Considering the record low interest rate environment, Accredited's senior management has been doing a lot of "story telling" recently, to outline the way in which this sub-prime lender will fare once rates begin to rise. "We're sub-prime, non-prime lenders. When interest rates go up the universe of prospective borrowers actually expands," McKewon said. In a higher interest rate environment, borrowers, in general, face increasingly restricted access and Accredited stands to pick up on the new pool of customers created.
Accredited targets borrowers who legitimately need the loan, rather than those looking to take advantage of low mortgage rates. McKewon envisions Accredited making loans that have a public good. More than half - 54% of the company's business - are debt consolidation loans, helping to retire high interest credit card obligations and reducing household finance payments.
Accredited also originates direct-to-consumer loans and conducts business as Axiom Financial Services and Home Funds Direct.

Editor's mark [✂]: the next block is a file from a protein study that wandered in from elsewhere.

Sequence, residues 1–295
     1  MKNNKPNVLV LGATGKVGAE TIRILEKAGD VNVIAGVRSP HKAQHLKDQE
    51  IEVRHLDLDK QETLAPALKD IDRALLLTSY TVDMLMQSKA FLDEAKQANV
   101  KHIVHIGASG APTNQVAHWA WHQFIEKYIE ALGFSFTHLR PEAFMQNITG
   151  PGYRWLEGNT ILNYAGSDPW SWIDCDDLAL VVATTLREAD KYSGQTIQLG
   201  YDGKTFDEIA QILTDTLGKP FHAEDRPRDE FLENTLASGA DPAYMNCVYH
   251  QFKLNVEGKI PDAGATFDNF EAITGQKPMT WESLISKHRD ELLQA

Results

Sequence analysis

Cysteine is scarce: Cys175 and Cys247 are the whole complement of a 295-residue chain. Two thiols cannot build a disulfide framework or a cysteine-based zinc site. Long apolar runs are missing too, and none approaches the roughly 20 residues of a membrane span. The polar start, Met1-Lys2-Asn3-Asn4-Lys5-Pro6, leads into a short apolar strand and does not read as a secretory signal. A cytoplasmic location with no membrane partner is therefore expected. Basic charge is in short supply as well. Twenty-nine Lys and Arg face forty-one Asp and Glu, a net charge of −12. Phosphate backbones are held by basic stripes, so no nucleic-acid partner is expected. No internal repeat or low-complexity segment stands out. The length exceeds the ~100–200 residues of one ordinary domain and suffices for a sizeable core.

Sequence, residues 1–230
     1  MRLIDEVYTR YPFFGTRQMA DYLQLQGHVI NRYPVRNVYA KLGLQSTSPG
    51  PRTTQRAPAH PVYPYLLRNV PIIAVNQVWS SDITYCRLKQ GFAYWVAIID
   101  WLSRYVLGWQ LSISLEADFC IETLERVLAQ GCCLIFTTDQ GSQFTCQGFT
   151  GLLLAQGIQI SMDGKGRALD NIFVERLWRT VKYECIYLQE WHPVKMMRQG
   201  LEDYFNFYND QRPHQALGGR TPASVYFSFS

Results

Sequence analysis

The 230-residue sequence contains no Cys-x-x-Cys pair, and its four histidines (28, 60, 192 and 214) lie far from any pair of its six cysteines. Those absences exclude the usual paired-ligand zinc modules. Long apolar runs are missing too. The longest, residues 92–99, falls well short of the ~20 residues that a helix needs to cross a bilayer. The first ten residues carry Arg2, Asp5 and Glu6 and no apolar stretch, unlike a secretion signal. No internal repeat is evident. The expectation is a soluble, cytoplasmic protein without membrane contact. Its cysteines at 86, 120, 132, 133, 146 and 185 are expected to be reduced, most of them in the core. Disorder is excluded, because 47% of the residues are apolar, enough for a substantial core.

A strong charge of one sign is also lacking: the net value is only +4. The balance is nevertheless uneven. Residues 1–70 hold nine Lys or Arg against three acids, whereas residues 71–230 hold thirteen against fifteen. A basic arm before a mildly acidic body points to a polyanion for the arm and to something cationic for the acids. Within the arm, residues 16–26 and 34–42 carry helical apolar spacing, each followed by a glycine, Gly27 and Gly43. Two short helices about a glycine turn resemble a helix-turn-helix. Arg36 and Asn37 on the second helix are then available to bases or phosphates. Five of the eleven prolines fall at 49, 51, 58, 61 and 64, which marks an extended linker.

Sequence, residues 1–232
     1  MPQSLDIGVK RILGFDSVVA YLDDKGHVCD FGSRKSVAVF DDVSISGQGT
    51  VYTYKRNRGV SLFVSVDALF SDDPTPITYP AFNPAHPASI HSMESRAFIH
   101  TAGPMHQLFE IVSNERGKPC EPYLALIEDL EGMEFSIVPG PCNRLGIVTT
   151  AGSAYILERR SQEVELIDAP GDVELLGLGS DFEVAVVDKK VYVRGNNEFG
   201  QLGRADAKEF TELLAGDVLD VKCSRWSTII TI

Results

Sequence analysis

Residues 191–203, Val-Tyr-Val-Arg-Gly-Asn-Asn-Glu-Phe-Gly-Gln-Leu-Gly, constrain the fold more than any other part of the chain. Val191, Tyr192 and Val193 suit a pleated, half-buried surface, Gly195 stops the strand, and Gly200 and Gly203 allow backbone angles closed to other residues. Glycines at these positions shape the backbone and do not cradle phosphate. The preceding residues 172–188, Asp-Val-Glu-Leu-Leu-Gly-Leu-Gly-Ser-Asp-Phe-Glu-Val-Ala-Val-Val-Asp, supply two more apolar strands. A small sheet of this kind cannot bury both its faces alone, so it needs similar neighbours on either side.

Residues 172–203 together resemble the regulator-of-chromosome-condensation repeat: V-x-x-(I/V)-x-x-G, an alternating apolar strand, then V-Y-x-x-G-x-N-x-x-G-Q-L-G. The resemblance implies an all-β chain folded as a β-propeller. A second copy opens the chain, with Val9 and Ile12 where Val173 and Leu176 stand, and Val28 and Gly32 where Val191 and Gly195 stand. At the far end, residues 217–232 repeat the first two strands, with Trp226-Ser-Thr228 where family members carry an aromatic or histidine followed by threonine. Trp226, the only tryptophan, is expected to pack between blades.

Accredited's stock has seen a bull run of its own. That $77.2 million IPO had a rough start, however, closing 9.4% lower its first day of trading. Accredited had initially hoped to be a part of the class of 2002, not 2003, McKewon noted. Against the backdrop of a fickle Nasdaq, conflict abroad and with one analyst initially forecasting low earnings, McKewon admits the IPO roadshow produced a mixed picture.
Yet after 14 years McKewon said the company, and its venture backers, couldn't wait any longer and thus plunged into the market February 14. Friedman Billings Ramsey Group, along with an additional 10 firms, ran the books on the IPO. Now Accredited has increased its earnings expectations, reporting on June 9 that for the second quarter of 2003 the company anticipates $1.20 to $1.25 EPS, revised from an initial $0.80 to $0.90. For the full year, Accredited is forecasting $3.50 to $3.75 EPS. The company sited its origination volume increased and net interest margins remained high.